When Max unrolled and ate the toilet paper, I laughed. When he destroyed toy after toy after toy, I smiled, cleaned up the mess and bought new toys. When he chewed up two of my Twilight figurines, I sighed and but again laughed at the sight of headless Bella. When he chewed into my yarn bag and ate part of my shawl, I kept my calm, swept up the mess and moved all knitting and crochet stuff out of his reach. But what we came home to tonight was the worst.
It looked like a battlefield coming in the door. He’d found a bag of dried apricots (kept at the back of the counter); all that was left was bits of the bag. He’d gotten into my daughter’s school bag and tossed her shirt across the room, chewed up part of her gym shorts, and eaten her Pop-tarts. That wasn’t the worst. No, the worst was the … I don’t even want to say it … the books.
I’m a book collector. My mom owned a used-book store when I was growing up and I worked with her for ten years, learning everything about collectible books. I’m also a reader, a fast and voracious reader. Those make for a substantial and really cool book collection. We have four 6′ tall bookcases in our dining room. They’re all hardbacks, and most are first editions with dust jackets. Some are valuable only to me, but many have monetary value too.
Now some of you might be hyperventilating right now (as I was as I came home) but rest assured, it wasn’t nearly as bad as it could have been. He only managed to pull out two books, and one is still salvageable.
See those scratches across the front? Yeah, those weren’t there before. Now granted, this is not my favorite Dean Koontz book. I am a huge fan of Koontz, especially his early books, and I have a pretty thorough collection. The fact that he chose this one and not the signed first of Whispers or Strangers…well, that’s something to be grateful for. I guess. Whatever. But still. This is a pretty unusual title and a first edition. Not cool, Max.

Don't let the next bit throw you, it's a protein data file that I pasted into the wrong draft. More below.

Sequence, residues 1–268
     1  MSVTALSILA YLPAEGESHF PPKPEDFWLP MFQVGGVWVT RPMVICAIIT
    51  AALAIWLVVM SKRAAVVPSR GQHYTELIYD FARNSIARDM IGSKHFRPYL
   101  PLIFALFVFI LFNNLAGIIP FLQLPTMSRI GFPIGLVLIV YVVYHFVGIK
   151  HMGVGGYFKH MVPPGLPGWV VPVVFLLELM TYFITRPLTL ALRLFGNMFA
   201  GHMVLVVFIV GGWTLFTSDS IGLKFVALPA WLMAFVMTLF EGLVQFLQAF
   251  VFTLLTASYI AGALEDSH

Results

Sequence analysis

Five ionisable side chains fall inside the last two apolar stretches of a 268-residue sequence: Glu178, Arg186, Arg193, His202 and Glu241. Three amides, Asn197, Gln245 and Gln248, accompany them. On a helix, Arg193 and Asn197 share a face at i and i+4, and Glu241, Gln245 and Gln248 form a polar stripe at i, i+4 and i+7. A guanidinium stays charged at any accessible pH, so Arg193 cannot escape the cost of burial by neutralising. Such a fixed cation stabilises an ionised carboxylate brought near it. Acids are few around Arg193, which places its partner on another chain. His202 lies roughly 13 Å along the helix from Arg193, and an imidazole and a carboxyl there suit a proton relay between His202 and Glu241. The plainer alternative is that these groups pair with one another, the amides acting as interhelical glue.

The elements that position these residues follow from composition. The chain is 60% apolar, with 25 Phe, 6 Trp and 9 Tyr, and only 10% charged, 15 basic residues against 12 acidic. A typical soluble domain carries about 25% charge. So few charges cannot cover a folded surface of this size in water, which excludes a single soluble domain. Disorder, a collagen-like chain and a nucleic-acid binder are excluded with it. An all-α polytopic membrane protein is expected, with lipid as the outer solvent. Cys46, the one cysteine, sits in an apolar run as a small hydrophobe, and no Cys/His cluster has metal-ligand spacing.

So what was the other one? I couldn’t tell at first: the dust jacket had been torn from its protective plastic cover and both were in shreds. As I got closer, I saw the initials L E on the front of the book. I also love Louise Erdrich. I first read her in college and was obsessed with her books for a long time. One of my most treasured books is a near fine first edition of Love Medicine, her most famous book, and I was sure that was what Max had chewed up.
Thank goodness, it wasn’t. It was The Blue Jay’s Dance, her memoir of early motherhood. Again, not my favorite of hers, but still, I really enjoyed this book. Not anymore.
But it wasn’t really even which books got damaged that affected me. It was that they were Books. Books are part of me. They’ve always been a huge part of my life. I treat them with respect and reverence and love. They are vessels of joy and heartache and wonder and imagination. To see one destroyed like this…it hurts more than it should.
So I’m frustrated now. We were gone maybe an hour, and he had a number of toys to entertain him. He’d been fed. He’d already gotten two walks and two playtimes in the backyard. I don’t know what else to do with this dog except to shut him up in the kitchen or crate him when we’re gone. I didn’t want to have to resort to that but I don’t know what else to do. I love him, but I also love my belongings. I want us to be able to coexist peacefully. So how do I make that happen?